Laminated wood consists of two or more layers of wood, impregnated with glue and attached permanently to each other. The combination of the two pieces of wood, if laid out correctly, results in the separate pieces moderating the effects of changes in temperature and humidity. Modern laminates consist of 1/16 inch (1.6 mm) thick sheets of wood, usually birch, which are impregnated with epoxy, laid with alternating grain directions, and cured at high temperatures and pressures. The resulting composite material is far stronger than the original wood, free from internal defects, and nearly immune to warping from heat or moisture. Typically, each layer of the laminate is dyed before laminating, often with alternating colors, which provides a pattern similar to wood grain when cut into shape, and with bright, contrasting colors, the results can be very striking. The disadvantage of laminate stocks is density, with laminates weighing about 4 to 5 ounces (110 to 140 g) more than walnut for a typical stock.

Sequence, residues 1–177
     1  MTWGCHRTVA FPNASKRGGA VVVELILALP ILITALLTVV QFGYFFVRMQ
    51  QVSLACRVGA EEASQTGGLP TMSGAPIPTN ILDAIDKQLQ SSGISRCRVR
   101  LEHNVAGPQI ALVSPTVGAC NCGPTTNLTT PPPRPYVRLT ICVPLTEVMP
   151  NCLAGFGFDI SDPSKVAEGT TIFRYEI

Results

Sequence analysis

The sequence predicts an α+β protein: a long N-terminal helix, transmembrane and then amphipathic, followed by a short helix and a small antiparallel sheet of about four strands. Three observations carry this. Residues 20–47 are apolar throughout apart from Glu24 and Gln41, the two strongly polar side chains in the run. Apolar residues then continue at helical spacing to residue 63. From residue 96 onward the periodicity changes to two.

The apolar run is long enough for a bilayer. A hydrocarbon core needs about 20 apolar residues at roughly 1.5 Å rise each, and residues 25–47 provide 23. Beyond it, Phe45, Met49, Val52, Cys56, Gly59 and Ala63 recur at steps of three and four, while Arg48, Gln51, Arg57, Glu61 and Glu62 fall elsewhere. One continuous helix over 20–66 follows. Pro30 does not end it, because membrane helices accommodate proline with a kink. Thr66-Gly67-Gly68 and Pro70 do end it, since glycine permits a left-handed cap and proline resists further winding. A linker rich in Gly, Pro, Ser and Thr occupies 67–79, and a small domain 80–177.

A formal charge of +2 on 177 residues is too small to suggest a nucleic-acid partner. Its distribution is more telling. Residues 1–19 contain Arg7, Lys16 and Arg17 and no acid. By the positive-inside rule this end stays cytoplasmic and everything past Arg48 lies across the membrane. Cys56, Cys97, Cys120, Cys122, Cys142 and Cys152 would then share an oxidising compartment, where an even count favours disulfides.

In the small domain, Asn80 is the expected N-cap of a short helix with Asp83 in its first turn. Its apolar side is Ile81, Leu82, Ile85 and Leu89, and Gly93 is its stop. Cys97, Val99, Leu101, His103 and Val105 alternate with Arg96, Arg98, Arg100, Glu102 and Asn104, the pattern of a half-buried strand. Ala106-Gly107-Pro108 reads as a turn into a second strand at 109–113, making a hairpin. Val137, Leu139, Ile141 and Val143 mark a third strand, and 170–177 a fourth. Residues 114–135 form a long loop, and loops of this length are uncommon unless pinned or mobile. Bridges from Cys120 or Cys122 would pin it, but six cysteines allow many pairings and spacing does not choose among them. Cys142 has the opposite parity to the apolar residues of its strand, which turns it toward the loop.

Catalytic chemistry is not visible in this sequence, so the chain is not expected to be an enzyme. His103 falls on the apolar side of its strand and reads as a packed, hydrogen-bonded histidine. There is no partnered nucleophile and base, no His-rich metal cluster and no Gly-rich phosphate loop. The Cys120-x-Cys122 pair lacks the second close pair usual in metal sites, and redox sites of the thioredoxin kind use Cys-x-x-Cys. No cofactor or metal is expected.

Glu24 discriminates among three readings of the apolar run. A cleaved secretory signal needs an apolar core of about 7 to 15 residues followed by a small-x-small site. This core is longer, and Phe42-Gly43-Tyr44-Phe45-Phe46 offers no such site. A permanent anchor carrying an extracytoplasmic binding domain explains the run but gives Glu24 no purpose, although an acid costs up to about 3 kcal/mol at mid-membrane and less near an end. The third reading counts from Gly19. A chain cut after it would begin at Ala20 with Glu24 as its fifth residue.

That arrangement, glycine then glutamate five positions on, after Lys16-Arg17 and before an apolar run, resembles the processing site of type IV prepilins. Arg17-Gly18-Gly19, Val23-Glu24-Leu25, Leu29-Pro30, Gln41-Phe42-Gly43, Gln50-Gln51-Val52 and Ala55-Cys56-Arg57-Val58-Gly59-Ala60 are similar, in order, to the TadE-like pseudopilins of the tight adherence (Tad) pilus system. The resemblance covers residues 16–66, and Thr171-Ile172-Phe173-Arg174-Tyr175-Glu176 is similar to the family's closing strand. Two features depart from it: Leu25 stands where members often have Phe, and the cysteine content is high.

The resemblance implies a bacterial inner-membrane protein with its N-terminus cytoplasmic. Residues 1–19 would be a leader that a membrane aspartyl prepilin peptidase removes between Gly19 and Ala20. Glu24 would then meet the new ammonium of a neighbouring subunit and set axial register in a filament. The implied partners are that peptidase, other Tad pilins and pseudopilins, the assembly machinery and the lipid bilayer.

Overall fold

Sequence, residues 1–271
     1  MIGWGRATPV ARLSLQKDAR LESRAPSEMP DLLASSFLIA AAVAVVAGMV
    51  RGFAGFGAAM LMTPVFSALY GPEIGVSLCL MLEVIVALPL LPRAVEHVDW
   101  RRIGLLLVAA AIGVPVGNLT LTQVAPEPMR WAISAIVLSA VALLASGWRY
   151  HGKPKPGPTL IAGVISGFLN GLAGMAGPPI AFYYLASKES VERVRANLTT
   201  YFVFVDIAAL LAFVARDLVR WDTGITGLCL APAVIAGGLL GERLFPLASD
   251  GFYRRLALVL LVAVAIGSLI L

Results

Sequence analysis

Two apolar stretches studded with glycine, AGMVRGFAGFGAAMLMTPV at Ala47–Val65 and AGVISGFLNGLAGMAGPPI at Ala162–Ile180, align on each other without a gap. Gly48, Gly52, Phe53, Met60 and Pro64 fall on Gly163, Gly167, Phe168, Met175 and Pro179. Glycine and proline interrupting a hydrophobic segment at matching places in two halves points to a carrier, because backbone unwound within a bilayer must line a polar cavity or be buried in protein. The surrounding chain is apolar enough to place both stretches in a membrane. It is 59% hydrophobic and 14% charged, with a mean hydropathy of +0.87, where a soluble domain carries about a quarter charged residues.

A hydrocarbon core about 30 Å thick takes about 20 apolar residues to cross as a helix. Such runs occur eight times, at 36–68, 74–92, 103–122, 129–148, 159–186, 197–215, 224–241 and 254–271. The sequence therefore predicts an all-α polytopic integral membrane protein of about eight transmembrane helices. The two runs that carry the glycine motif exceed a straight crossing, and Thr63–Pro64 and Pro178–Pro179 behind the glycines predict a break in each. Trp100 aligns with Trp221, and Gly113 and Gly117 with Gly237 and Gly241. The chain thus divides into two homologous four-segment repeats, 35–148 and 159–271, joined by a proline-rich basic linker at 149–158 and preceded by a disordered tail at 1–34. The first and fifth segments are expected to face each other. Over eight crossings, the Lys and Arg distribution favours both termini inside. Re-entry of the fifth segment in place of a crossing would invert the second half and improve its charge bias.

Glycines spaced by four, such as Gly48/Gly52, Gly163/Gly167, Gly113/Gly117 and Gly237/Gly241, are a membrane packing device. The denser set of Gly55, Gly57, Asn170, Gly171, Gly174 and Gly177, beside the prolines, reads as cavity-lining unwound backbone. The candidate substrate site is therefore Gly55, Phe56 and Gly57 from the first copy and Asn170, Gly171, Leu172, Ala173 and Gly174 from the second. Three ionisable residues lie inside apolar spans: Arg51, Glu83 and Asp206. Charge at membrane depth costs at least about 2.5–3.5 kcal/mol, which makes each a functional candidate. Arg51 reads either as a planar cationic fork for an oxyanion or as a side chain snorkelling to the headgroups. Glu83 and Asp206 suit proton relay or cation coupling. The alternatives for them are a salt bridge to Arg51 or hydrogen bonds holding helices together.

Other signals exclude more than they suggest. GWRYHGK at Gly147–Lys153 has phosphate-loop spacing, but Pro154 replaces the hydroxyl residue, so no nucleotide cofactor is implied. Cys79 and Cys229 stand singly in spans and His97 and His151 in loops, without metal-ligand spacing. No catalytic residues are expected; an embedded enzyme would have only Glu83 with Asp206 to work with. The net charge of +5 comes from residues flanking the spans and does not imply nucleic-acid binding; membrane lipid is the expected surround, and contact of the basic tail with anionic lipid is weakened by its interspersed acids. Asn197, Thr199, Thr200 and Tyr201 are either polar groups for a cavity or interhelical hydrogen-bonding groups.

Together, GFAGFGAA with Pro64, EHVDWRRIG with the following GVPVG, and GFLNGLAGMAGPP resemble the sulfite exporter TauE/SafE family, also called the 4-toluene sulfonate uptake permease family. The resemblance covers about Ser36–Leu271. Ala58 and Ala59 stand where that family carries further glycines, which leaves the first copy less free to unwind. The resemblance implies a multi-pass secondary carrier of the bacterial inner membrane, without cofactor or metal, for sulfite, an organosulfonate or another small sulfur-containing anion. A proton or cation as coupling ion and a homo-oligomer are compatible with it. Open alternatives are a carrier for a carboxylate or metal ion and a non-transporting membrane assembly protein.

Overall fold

While wood laminates have been available for many years on the custom market (and, in subdued form, in some military rifles), in 1987 Rutland Plywood, a maker of wood laminates, convinced Sturm, Ruger, Savage Arms, and U.S. Repeating Arms Company (Winchester) to display some laminate stocks on their rifles in a green, brown and black pattern (often called camo). The response was overwhelming, and that marked the beginning of laminated stocks on production rifles.

– Source:

I have always favored wood for gun stocks, and while laminated gun stocks were deemed stronger and more weather-resistant than a sold chunk of wood, I still favored the more natural flow of patterns in a nicely selected walnut or maple wood gun stock. However, after seeing some beautiful renditions of laminated wood gun stocks, I have come to appreciate them more.  Although I have firearms with injection-molded synthetic gun stocks, most simply do not add “soul” to the firearm as wood seems to.

What follows is a good and useful comparison between wood and laminate gun stocks.

Appearance: Wood stock gives the rifle a beautiful, classic, and elegant look. Laminated stock is dyed to give as close a finish as possible to wood but it is not as impressive as a wood stock.
Cost: Laminated stocks are usually less expensive and solid walnut stocks are most expensive.
Weight: A laminated wood stock is lighter in weight though sometimes it can be heavier than wood. The heavier the stock, the better the balance and lighter the recoil.
Manufacturing: Wood stocks are easier to make than laminated stocks, such as laminated stocks require high pressure and temperatures to glue them together.